I’ve built a Laravel 7 client management application to manage complex billing for another much larger product. The application creates an invoice and dynamic line items (based on active features, licence overages, crazy pricing tiers, custom discounts and ad-hoc unique items) locally and then exports it to Xero via their API.
Using a daily scheduled job, the payment for these invoices are processed days later using Stripe (credit card or BECS) based on the respective client’s payment terms. A successful payment will then be applied to the invoice in Xero.
But what if a client pays their invoice before the payment due date, or if our in-house finance team make a change to the invoice once it’s in Xero? My application needs to know to ensure the client is not paying twice or paying the wrong amount when it’s picked up by the scheduled job.
Xero Webhooks to the rescue!
In Xero Developer you can set your app to subscribe to webhooks for both Invoices and Contacts. I have subscribed to invoice events only (update and create)… not that I care about create events.
There are a few things you need to configure in your application to satisfy Xero and safely accept payloads. This process is part of the Intent to Receive, which is essentially Xero checking you’re ready to accept payloads and that you’re verifying that the payloads are cryptographically correct.
Xero doesn’t want to be firing webhooks to something that’s not listening, so they will also rate limit based on how your application responds. Xero is expecting timely and accurate response codes (200 or 401).
“If we don’t receive an acceptable response when sending events we will continue retrying the request, with decreasing frequency for up to 24 hours. After 24 hours the webhook will be disabled and needs to be re-enabled.”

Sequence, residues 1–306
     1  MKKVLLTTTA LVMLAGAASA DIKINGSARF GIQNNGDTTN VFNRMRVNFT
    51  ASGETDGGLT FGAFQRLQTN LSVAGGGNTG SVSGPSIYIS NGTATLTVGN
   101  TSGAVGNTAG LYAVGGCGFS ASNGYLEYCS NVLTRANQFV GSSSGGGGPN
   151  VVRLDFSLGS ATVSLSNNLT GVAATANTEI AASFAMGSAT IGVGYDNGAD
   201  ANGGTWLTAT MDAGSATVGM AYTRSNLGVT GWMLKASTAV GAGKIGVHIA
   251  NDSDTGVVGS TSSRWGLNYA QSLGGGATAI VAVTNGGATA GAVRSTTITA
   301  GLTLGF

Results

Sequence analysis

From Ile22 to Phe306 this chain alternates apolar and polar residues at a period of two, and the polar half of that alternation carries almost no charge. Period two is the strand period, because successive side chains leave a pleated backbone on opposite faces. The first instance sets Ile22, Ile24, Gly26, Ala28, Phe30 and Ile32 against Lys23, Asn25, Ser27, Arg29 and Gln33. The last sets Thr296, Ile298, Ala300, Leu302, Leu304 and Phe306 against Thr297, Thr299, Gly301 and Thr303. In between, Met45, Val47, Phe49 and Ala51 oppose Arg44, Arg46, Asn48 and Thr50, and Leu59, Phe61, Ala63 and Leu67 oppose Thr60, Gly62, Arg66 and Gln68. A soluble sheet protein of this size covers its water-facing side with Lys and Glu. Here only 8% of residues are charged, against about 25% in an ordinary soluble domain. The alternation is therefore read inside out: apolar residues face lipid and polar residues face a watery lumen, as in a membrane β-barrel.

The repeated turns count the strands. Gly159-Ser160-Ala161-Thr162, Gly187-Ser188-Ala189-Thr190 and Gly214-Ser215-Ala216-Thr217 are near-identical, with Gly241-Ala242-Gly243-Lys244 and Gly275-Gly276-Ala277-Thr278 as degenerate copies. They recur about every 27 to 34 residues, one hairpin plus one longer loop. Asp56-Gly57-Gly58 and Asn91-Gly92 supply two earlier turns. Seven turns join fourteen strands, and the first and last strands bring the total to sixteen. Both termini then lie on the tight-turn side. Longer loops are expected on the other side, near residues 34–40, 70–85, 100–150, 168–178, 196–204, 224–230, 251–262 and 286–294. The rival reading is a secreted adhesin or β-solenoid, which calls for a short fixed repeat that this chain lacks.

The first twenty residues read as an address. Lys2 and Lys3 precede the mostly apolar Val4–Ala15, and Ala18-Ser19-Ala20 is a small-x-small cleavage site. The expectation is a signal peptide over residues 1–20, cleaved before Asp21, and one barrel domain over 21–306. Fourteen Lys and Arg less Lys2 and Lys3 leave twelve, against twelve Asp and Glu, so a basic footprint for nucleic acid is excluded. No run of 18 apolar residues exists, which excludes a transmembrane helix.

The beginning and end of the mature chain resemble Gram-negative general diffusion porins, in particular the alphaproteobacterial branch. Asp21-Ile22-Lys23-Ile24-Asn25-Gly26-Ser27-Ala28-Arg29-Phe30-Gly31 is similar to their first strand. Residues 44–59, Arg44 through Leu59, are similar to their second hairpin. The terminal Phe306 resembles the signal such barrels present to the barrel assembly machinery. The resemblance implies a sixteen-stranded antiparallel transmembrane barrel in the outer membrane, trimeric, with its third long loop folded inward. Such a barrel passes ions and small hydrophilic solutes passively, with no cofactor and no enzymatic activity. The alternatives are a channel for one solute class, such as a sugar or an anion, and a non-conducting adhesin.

There are a few parts to this process, so follow this article and the instructions in order and you should have a relatively pain-free time configuring your application.
Add the webhook key to your .env file
Grab your Xero App’s Webhook key.
You will likely already have your Xero Client ID and Client Secret in your .env file, so create a new environment variable for XERO_WEBHOOK_KEY.
Add a new key-value pair to your config file for Xero.
‘signing_key’ => env(‘XERO_WEBHOOK_KEY’),
Use middleware to verify the payload
Abstract the request signature verification process to route middleware to ensure the payload is correctly signed.
In Terminal, use Artisan to create a new middleware:
php artisan make:middleware VerifyXeroToken
Add a new key-value pair to your route middleware array in Kernal.php.
‘verify_xero’ => \App\Http\Middleware\VerifyXeroToken::class,
In hindsight, it would have been more accurate if I named this middleware ‘VerifyXeroSignature’.
In Terminal, use Artisan to create a new Controller to handle the webhook events:
php artisan make:controller XeroWebhookController
Create a new route in api.php for the incoming webhooks. Assign your new middleware to this route.
Create a public URL using Ngrok for testing configurations
You will need to have a public URL to receive webhooks from Xero. This is made extremely easy with Laravel using a service called Ngrok via Valet (if you’re a Mac user). Ngrok will create a public URL and tunnel traffic to your localhost.
In Terminal, run the following command (Mac users):